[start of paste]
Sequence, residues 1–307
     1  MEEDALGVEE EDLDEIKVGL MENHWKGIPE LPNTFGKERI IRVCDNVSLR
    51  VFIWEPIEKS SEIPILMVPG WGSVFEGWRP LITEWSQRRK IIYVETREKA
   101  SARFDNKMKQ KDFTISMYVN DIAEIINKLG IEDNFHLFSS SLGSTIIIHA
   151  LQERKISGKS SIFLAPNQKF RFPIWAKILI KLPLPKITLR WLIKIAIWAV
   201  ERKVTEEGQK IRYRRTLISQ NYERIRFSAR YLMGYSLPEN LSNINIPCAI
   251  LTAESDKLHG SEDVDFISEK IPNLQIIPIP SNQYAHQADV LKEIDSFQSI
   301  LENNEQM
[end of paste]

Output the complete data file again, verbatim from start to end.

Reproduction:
Sequence, residues 1–307
     1  MEEDALGVEE EDLDEIKVGL MENHWKGIPE LPNTFGKERI IRVCDNVSLR
    51  VFIWEPIEKS SEIPILMVPG WGSVFEGWRP LITEWSQRRK IIYVETREKA
   101  SARFDNKMKQ KDFTISMYVN DIAEIINKLG IEDNFHLFSS SLGSTIIIHA
   151  LQERKISGKS SIFLAPNQKF RFPIWAKILI KLPLPKITLR WLIKIAIWAV
   201  ERKVTEEGQK IRYRRTLISQ NYERIRFSAR YLMGYSLPEN LSNINIPCAI
   251  LTAESDKLHG SEDVDFISEK IPNLQIIPIP SNQYAHQADV LKEIDSFQSI
   301  LENNEQM